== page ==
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Robert King
Lighting fx
on Dec 21, 2015 at 5:36:49 am

i'm shooting a car interior on a green screen. I would like to shoot an exterior but need something to project reflections of the trees going by. Does anybody know the manufacturers are such projectors?


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Mark Suszko
Re: Lighting fx
on Dec 23, 2015 at 12:14:27 am

Actually, you might not need to project that. You can just shoot a plate shot from the back of a van or whatever, looking up at the sky and trees while driving, then reverse this/invert it, and layer it into the greenscreen final comp over the windshield. Same for shots on side windows: shoot a plate out the side door of a van or similar, composite it back into the glass area in post, with a distort tool and masking. I've done this a couple of times and playing with the opacity and blend modes was all it took. If you really want to make lights wash across the actors in the car, you could do that with hand-held lights the old fashioned way, or use any portable video projector, I suppose, fed with a motion video of the trees, or, really, just animated black and white bars would do it.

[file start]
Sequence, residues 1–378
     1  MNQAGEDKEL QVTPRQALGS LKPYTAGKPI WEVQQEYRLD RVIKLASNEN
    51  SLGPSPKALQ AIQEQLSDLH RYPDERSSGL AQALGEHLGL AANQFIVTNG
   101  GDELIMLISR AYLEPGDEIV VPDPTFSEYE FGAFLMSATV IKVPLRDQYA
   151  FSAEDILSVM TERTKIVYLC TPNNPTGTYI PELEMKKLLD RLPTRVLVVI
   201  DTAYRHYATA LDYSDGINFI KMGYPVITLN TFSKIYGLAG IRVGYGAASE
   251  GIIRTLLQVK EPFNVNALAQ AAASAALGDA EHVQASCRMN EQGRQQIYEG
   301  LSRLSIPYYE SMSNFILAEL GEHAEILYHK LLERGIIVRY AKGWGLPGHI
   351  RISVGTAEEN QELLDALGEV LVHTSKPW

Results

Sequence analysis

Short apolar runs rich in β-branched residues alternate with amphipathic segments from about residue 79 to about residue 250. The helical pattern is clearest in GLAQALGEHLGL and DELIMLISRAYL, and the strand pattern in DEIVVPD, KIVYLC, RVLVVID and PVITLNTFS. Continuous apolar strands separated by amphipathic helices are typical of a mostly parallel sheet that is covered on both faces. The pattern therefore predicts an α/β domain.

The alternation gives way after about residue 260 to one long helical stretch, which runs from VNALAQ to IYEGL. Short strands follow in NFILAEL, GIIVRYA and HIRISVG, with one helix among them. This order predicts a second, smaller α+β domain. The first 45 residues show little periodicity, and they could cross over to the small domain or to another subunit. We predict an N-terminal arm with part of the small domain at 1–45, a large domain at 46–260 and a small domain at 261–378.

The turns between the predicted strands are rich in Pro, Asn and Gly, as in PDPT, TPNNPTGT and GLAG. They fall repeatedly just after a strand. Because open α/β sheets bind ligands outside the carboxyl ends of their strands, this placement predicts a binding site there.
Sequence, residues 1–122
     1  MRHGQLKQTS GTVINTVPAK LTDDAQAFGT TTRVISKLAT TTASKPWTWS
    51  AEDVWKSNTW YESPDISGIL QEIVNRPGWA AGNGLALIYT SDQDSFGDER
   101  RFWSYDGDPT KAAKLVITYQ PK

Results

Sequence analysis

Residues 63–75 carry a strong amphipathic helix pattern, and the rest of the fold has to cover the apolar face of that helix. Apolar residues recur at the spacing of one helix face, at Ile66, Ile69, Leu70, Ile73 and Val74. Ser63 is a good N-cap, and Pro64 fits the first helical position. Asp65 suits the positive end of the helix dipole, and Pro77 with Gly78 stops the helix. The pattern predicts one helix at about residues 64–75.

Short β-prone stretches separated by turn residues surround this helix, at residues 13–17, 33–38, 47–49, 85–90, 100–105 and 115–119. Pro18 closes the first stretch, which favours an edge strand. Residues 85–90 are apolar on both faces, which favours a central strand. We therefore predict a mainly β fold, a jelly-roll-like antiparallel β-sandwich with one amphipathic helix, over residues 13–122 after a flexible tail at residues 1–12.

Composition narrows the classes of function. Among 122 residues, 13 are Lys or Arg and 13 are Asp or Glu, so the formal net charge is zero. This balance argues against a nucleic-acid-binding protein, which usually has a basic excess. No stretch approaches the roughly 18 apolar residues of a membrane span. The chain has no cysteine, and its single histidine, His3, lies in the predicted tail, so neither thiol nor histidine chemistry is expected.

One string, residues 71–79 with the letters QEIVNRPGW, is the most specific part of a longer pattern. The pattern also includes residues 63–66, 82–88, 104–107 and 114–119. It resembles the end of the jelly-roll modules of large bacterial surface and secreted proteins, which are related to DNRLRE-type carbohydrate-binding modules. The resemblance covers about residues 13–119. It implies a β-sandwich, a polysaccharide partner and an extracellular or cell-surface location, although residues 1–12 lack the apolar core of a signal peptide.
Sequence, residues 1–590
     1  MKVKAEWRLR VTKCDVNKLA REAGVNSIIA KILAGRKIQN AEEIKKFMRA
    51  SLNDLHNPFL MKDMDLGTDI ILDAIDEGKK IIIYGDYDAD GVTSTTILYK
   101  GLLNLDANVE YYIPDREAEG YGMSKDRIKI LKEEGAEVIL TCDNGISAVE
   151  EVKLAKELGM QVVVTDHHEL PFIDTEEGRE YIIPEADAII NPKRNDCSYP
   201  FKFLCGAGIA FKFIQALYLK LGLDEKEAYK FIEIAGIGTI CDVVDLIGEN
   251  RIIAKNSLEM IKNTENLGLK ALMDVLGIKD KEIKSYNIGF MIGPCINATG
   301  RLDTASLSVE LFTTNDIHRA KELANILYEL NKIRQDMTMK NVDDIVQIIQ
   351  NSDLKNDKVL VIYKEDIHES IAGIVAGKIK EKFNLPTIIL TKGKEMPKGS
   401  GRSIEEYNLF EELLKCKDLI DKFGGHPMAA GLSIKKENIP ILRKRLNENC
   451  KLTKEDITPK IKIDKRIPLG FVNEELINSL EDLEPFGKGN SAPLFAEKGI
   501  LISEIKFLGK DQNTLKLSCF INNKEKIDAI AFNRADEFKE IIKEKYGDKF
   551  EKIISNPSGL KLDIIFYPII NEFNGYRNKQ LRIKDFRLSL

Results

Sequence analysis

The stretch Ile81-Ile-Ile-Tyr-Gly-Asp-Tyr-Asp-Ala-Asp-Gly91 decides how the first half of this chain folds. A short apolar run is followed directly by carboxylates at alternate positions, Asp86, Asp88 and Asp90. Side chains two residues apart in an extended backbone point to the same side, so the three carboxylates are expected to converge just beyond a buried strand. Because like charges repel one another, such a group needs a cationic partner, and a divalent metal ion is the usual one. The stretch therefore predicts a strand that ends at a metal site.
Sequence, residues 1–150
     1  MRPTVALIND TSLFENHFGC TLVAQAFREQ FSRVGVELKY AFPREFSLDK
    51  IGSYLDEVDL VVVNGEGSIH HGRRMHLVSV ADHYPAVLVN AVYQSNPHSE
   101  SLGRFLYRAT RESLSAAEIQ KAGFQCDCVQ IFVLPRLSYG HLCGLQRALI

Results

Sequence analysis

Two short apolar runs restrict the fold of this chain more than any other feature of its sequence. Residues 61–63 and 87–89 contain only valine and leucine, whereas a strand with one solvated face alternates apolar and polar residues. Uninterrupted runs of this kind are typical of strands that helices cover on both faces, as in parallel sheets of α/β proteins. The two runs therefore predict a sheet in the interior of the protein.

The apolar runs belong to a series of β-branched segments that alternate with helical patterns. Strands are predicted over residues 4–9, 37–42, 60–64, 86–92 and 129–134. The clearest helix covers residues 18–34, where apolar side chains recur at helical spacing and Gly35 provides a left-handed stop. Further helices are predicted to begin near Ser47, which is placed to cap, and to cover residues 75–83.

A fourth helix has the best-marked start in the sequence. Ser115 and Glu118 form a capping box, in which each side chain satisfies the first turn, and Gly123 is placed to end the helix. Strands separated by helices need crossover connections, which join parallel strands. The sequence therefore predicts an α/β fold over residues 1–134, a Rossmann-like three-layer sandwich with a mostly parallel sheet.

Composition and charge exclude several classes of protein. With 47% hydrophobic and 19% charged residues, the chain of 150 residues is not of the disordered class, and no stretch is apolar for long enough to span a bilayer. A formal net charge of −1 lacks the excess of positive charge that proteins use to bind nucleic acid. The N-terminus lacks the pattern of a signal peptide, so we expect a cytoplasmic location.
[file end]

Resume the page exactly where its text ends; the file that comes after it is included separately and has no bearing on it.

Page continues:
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Robert King
Re: Lighting fx
on Dec 23, 2015 at 12:25:39 am

What a great idea. Thanks.


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Mark Suszko
Re: Lighting fx
on Dec 23, 2015 at 1:53:45 am

No prob. When you shoot the front window, first, clean it super-clean dry, with the finest gauge steel wool you can buy. Clean it inside and out. When you shoot, you want to either have a rotatable, adjustable polarizer on the lens, or at least a flat black foam board card or cloth above the shot, to kill stray reflections in the glass. You will then have a clearer shot of the guys in the front seats, and an easier time selling the artificial reflections you put back in over the glass. Check for how shiny the car paint is, as well: if it's too reflective you'll want to composite on it too. Even better, frame it out, or use dulling spray on the car paint.


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Robert King